With your Input Device set to the audio interface, click on the "Input Config" button and check that the Mono Inputs are enabled (they'll be yellow if enabled). You can also see we only have the option for inputs 1 & 2, this is because the AudioBox iTwo only has two inputs. If your interface has more than two inputs you will see those appear in this menu and if you wish to record via those inputs, you need to make sure they're enabled as well. But for this purpose, we're only multitracking two mics, so two inputs are fine! Also, back in the main Preferences window, set your In/Out Sample Rate to 44100, if it's not already.

Ableton Live input configuration screen

In the Preferences menu, you can also change your output options. If you set the Audio Output Device to your interface, you'll need to have external speakers connected to the outputs on the back or use the dedicated headphone out. Otherwise, if you set it to "Built-in Output", you'll hear everything through the output of your computer speakers. We'd also recommend you run through Ableton's basic setup tutorial. Turn on "Help View" in the "View" menu, which should open up a window on the left-hand side of the Ableton screen, from there scroll down to "Audio I/O", this useful tutorial will run you through selecting latency settings, Sample Rates and more.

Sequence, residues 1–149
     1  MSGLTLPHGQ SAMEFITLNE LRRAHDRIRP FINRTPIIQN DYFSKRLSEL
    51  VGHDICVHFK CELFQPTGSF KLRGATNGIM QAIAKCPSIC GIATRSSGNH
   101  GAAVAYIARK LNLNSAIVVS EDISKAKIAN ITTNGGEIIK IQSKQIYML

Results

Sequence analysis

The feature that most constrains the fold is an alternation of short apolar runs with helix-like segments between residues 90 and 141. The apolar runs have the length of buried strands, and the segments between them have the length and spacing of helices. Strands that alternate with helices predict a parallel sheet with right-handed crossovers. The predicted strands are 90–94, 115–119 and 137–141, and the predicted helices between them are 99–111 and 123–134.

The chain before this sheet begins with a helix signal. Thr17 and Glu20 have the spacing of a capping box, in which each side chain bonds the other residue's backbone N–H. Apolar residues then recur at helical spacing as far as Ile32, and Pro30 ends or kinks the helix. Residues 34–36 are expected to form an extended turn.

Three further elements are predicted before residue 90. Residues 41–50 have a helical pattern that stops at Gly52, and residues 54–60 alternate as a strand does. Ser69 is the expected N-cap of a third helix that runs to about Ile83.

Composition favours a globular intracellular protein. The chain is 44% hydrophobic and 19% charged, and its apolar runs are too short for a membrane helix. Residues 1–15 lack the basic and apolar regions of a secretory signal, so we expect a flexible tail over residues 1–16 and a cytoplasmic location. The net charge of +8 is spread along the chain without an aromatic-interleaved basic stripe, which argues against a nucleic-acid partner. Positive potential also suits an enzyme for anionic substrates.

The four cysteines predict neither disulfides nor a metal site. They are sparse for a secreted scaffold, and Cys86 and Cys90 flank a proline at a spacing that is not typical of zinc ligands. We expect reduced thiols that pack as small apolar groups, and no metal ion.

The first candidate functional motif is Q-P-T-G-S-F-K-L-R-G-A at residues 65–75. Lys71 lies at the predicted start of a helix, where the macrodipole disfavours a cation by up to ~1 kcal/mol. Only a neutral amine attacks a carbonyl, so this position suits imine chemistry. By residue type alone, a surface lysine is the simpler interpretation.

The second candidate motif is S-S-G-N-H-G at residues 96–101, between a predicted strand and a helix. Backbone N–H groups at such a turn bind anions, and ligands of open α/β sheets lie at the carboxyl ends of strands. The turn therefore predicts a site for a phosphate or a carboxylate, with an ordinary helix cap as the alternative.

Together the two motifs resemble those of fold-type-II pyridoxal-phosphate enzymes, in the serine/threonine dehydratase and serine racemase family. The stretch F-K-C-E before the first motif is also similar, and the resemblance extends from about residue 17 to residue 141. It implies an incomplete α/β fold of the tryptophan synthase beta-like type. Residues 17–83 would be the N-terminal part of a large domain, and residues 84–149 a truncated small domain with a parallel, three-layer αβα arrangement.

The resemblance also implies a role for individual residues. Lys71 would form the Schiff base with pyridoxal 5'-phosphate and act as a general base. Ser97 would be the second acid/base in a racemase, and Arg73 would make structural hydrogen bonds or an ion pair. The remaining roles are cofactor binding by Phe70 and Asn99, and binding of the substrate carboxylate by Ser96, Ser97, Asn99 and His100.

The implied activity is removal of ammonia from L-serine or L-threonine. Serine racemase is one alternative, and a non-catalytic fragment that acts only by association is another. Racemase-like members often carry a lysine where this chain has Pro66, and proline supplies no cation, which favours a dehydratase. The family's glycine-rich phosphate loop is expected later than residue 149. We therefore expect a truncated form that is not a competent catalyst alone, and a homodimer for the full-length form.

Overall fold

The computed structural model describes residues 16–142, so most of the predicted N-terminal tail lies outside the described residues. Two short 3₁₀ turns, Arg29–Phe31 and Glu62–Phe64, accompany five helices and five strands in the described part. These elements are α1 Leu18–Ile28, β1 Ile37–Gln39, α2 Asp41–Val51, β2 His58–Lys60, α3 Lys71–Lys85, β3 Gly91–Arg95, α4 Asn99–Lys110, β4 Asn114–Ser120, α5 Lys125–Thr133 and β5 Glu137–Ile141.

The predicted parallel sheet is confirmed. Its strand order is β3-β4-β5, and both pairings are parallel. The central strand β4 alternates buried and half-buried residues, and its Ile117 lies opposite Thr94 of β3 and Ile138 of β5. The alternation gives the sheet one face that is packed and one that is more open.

Ableton Live input and output device selection screen

Plug your mics into two inputs on your audio interface and make sure the gain knobs for each input are turned up. If your interface has a small button with a picture of an instrument or says "Instrument" or "Inst." next to the input, make sure it's switched off. This boosts the input when using something like a guitar and we don't need it for microphones. Additionally, if you know your microphone is a Condenser (it will say so on the box) it will require "Phantom Power", so you'll need to switch this on, it's usually a button labelled as "48V" or something similar.